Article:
Editorial | Dutch slavery apology is just the start
Mark Rutte, the Dutch prime minister, should have gone further. And he must.
Nonetheless, this newspaper welcomes his apparently sincere apology, issued on behalf of the Dutch state, for Holland’s participation in slavery.
Other European leaders, or their heads of state, have previously acknowledged the “abhorrence of slavery”, as Britain’s David Cameron did during his 2015 visit to Jamaica. Or that slavery was an “appalling atrocity”, as Prince Charles, as he then was, put it in his speech in Barbados a year ago. Or they might have noted that the cruelty of slavery, as Charles said at the Commonwealth summit earlier this year, caused them deep “personal sorrow at the suffering of so many”.
None before Mr Rutte, however, uttered the words ‘apology’ or ‘apologise’ on behalf of their countries for their deep involvement in the system that moved millions of people from Africa to be held, and bred, as chattel to work on plantations in their colonies.
That is a deeper acknowledgement of responsibility.
Said Mr Rutte, in a speech delivered at the Netherlands’ National Archives: “Today, on behalf of the Dutch government, I apologise for the past actions of the Dutch state: to enslaved people in the past, everywhere in the world, who suffered as a consequence of those actions, as well as to their daughters and sons, and to all their descendants, up to the present day.”
Dutch ministers delivered similar messages in former colonies, as well as in those constituent parts of the kingdom in the Caribbean where slavery existed.
Holland was among the last of the 19th-century European powers to abolish slavery, formally doing so only in 1863 – half a year after America’s Emancipation Proclamation came into effect. But in its colony of Suriname, a current member of the Caribbean Community (CARICOM), it took a decade before slaves there were freed. The institution persisted under the prolonged farce of ‘apprenticeship’.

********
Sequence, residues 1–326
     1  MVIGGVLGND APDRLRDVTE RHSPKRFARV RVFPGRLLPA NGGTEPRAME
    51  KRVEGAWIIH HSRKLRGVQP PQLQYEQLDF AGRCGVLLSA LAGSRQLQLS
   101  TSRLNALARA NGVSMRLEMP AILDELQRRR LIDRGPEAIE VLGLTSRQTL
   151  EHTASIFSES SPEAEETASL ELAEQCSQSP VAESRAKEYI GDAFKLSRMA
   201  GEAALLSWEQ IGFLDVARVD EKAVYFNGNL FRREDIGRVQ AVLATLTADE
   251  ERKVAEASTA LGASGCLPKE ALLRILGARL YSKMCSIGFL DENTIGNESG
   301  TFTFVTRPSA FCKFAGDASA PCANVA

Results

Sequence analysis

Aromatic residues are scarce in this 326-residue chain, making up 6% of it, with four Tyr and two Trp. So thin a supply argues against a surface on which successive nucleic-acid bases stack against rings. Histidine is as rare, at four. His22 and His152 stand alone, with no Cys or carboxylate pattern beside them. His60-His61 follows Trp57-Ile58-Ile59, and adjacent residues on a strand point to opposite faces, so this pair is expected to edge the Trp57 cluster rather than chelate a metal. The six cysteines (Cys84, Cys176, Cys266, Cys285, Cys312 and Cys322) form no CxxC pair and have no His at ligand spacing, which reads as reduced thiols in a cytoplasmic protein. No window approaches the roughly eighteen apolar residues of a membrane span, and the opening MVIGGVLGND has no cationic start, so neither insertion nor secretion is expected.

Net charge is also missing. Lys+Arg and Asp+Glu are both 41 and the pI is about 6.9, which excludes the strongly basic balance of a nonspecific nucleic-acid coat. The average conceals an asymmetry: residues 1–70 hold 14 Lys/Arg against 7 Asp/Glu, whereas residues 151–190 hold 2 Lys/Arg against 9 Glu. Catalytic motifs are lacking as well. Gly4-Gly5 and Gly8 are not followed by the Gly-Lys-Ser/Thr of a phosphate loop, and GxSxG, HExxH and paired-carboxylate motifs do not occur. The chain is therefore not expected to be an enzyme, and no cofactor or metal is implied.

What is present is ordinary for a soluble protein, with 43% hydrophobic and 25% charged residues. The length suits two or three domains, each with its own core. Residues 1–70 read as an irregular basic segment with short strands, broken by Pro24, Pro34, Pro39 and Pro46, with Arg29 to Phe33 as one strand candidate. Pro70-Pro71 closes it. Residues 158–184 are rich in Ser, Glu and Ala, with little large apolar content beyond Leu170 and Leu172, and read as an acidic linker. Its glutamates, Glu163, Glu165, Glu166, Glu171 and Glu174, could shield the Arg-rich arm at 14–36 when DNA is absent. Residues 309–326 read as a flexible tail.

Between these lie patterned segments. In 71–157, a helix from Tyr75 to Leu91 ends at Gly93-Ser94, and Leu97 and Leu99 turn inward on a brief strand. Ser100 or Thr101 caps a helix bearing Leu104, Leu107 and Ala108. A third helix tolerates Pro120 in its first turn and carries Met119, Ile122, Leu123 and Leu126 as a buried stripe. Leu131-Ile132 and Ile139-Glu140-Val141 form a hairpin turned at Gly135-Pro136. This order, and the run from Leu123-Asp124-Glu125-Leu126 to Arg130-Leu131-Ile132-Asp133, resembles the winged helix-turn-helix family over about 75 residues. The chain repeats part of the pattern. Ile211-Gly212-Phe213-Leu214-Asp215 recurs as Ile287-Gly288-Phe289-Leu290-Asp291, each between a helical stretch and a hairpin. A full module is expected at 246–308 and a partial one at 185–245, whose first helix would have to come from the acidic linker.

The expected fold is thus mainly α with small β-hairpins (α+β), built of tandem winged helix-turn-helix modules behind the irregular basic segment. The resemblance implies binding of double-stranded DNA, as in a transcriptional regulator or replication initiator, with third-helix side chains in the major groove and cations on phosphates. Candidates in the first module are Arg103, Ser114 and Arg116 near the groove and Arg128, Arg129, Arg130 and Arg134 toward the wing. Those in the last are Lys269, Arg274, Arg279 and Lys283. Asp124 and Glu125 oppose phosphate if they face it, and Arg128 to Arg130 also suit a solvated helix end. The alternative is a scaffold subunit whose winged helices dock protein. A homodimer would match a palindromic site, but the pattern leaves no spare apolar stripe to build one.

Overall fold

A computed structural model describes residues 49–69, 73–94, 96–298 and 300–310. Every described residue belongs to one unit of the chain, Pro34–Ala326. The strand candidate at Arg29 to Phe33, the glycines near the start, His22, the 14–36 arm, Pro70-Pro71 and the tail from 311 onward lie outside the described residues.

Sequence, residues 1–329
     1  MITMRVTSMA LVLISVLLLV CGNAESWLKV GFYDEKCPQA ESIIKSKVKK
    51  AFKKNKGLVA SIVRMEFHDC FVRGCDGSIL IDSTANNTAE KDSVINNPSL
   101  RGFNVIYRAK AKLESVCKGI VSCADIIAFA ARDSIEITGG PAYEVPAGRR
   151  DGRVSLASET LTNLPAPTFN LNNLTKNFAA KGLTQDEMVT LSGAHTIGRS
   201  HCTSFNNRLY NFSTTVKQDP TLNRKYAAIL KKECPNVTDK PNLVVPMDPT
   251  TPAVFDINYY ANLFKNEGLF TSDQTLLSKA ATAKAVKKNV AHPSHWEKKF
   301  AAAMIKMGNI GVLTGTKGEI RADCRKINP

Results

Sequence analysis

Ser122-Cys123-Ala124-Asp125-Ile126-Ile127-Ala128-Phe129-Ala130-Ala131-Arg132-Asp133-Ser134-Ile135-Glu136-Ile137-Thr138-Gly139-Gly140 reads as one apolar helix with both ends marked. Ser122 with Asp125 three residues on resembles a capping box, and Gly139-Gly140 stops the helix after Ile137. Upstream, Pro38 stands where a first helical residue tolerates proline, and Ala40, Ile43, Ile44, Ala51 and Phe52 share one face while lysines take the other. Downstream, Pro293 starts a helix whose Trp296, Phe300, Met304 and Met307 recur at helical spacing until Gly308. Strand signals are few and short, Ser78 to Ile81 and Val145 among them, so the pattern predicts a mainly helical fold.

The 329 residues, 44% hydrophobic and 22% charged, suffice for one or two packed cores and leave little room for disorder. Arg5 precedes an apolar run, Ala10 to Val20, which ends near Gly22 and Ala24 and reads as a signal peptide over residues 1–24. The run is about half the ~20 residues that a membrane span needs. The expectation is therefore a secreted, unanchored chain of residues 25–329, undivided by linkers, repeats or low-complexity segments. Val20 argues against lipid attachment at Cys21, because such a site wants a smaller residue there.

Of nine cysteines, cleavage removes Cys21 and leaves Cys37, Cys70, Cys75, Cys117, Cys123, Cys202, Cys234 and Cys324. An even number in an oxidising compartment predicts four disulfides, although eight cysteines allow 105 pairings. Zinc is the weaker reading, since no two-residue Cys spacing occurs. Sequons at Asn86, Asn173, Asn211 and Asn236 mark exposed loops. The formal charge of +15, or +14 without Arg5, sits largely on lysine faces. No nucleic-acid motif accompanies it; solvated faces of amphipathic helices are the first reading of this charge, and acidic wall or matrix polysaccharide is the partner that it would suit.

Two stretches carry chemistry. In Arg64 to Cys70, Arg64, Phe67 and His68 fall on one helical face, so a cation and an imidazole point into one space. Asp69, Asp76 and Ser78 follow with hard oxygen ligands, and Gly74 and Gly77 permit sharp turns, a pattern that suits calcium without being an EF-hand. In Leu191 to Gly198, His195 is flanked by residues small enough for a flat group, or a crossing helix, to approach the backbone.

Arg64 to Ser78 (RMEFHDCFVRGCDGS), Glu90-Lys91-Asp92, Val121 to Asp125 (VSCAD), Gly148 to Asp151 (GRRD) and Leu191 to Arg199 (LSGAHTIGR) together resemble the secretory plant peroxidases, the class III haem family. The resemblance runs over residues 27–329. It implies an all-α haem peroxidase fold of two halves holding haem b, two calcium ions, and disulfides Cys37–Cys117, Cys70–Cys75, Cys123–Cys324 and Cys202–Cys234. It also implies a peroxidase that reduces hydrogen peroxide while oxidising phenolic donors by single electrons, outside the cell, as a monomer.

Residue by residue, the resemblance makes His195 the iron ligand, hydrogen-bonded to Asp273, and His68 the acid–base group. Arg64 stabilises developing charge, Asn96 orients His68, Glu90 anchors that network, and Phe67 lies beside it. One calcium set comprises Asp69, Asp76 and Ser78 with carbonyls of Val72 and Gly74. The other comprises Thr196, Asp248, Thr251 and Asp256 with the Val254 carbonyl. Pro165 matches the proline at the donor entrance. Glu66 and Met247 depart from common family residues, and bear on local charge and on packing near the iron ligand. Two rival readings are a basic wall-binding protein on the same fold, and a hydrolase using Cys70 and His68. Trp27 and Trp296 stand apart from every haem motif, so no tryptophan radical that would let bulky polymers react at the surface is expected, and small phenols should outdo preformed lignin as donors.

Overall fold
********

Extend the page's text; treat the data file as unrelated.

In essence, similar to Jamaica, where slavery continued for four years after its abolition in 1834, Dutch planters enjoyed 10 years of free labour from supposedly free people.
Yet, as Mr Rutte noted, it was slaveowners, “not the enslaved people, who received financial compensation from the State”.
The prime minister’s apology followed last year’s publication of a report by an advisory panel that, among other things:
· likened Holland’s participation in slavery to a crime against humanity;
· blamed slavery, in part, for much of the institutional and other forms of racism that persist in the Netherlands;
· recommended that the Dutch government apologise for slavery; and
· suggested reparations.
Prior to the report, Mr Rutte had resisted calls for an apology for slavery. He had a change of heart.
He said on Monday: “For a long time, I thought that we could not easily take meaningful responsibility for something that happened so long ago. Something that none of us experienced first-hand. For a long time, I thought that the Netherlands’ role in slavery was a thing of the past, something we had put behind us. But I was wrong.”
That’s a start. Indeed, we accept Monday’s apology, as Mr Rutte put it, as a comma, rather than a full stop, in the dialogue on slavery.
Mr Rutte’s government hasn’t embraced the idea of reparations in its full sense. But he has come part of the way.
He admitted that a wrong was committed and that the Dutch state, operating in perpetuity, is obligated to accept responsibility. That obligation is not only moral, but legal. Reparatory justice, in this context, insists on atonement and restitution.
That must now be the next epiphany in Mr Rutte’s journey of growth. That enlightenment will hopefully be soon.
Indeed, Mr Rutte should recommend that his European colleagues follow suit and apologise and set the basis for serious negotiations with their former colonies of the formulas to determine quantum, and formats for the delivery, of reparations.